I just kept on doing it and I kept consistently focusing on the intensity that I was running at and by the time, Lindsey and myself, I’ll never forget it, we did a run here in Lynwood and we comfortably ran at about 4:40 to 4:44 per km and my heart rate was then at about 144 beats per minute. My heart rate had dropped by six beats a minute and the pace was down by 40 seconds.

For me that’s vital but just to go back to your question Schalk, that’s why we do things like hill training. That’s why we do things like intervals. Make sure that your easy runs are supposed to be easy and that’s why when we do speed work, it’s way faster than we would be running on race day, especially over long distances but it’s what we call over-reaching.

Let’s say for arguments sake you run a 5km time trial and your 1km split is 4:00 a km, we’ll probably make you do 1km repeats at about 4:45, more or less, sorry, 3:45, so that you run faster than what you did on an average per km pace than you did in the time trial, but you do get rest intervals in between. That’s how you’re building speed.

Trust me, by doing consistent easy runs, you’re going to do yourself the world of favour by just developing and increasing the size of your engine.

SV: I think now that you’ve mentioned it and to think back on what Lindsey and Brad discussed on the online seminar on Monday night but I can definitely see that what you’ve explained now was also happening to me where I’m running a faster pace with a slower heart rate. Following the plan in that sense is definitely working.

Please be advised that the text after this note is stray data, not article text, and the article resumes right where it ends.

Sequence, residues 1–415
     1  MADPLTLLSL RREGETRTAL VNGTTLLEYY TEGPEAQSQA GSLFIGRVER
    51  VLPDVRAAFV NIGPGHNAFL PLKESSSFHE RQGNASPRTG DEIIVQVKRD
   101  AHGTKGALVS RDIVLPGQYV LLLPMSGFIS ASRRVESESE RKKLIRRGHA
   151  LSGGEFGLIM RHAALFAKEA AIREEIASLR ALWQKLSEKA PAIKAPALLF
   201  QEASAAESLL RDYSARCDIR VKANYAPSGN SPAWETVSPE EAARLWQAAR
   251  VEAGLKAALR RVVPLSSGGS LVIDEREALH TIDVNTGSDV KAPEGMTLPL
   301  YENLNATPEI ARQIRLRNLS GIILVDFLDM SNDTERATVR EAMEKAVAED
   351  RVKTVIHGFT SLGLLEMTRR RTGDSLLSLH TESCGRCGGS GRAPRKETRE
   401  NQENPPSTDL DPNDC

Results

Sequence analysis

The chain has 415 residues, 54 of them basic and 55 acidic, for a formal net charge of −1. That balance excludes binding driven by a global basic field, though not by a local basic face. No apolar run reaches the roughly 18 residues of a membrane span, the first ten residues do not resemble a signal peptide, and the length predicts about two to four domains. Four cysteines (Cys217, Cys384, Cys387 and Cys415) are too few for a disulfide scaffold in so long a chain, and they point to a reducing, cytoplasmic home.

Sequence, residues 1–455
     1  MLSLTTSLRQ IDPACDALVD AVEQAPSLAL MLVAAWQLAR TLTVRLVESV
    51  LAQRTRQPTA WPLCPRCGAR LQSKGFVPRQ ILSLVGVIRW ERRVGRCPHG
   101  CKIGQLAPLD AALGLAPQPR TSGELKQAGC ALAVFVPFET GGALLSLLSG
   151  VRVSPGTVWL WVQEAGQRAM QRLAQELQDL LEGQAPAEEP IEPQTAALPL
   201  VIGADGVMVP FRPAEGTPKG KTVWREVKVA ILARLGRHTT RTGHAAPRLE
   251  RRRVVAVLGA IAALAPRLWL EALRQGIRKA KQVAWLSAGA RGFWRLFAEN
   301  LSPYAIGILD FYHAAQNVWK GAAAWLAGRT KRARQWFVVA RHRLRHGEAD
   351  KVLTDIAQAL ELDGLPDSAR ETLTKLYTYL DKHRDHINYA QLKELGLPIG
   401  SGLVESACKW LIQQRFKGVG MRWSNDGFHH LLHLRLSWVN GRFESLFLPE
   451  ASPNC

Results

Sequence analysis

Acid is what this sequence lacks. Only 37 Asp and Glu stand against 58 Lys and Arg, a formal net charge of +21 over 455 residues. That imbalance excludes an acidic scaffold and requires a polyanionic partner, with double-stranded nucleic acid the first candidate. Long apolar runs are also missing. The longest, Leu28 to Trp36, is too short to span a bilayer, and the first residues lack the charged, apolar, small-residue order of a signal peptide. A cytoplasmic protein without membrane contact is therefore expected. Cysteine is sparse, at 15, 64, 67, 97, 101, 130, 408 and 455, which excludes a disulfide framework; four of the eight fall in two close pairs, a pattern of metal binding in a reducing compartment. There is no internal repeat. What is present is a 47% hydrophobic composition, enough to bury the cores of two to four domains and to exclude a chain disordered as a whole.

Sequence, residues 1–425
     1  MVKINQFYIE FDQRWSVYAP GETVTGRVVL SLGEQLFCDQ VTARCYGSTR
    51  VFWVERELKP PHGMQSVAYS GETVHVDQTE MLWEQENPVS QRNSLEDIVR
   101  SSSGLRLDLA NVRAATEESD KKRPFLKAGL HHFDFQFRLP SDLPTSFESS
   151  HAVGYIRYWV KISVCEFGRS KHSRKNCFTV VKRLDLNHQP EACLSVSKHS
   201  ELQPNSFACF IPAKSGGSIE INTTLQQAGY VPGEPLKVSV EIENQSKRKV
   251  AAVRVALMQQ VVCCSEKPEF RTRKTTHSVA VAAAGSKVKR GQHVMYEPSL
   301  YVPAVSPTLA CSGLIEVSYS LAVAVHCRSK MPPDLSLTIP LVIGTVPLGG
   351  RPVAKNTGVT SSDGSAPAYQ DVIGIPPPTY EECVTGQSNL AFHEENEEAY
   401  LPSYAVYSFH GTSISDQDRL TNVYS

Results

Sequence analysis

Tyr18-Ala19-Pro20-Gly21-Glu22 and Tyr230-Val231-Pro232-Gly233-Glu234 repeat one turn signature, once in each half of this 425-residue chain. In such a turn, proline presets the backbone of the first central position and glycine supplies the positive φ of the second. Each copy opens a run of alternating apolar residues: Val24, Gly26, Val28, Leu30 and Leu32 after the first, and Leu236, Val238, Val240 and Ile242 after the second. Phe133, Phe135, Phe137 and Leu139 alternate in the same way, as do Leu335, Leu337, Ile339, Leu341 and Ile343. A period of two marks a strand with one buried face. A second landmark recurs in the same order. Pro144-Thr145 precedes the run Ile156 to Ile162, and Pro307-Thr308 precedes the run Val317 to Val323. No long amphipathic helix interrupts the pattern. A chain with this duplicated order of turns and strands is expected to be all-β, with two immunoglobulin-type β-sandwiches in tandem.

Also, I think I’m making the mistake of running my easy runs, not so much the easy runs, but the recovery runs, way too fast, just out of habit where running slower is really, it gets hard because running faster is so easy.

MVN: That’s it and so many people make that mistake. That’s just on easy runs, never mind recovery runs. I wish you could see people like, whether it’s his recovery run for certain I wouldn’t know, but someone like Stephen Mokoka, he comfortably runs 1:02 for 21km. He trains at Tucs and when those guys do an easy job, it looks like they’re taking a walk.

I’m not over-exaggerating, their easy running pace or their recovery running pace is so slow and I know of a world class triathlete as well, his easy runs are really slow, but when he runs a 10km, he gets pretty close to sub 30 minutes. There is method to the madness.

BB: Schalk, if I can just add 2c and I said this in the Comrades seminar as well, it’s counterintuitive and especially growing up like you and I did, with a parent that ran Comrades because back in the day that’s how you did it. If you wanted to run fast, in training you needed to run fast and you went and smashed every single training session and it’s very much, I don’t want to say an ‘old school’ way of doing things, but it’s been ingrained in us that if you want to run fast, it makes sense, run fast.

That’s not actually the case, particularly if you’ve heard Lindsey explain it with regards to the aerobic versus anaerobic and how long can you go for when you’re in that anaerobic state as opposed to wanting to… We’ve got to go for long if we’re running marathons and Comrades, so we’ve got to build that base, that big engine as Markus says and the only way to do that is to run slowly and build that engine and bring that heart rate down so that when you do run long, you can run at that pace for longer. Markus, is that pretty much correct? I’m not a sport scientists and you’re the expert, but that’s my lay experience of what you guys preach about?

MVN: You’re on the money there Brad, I couldn’t agree with you more.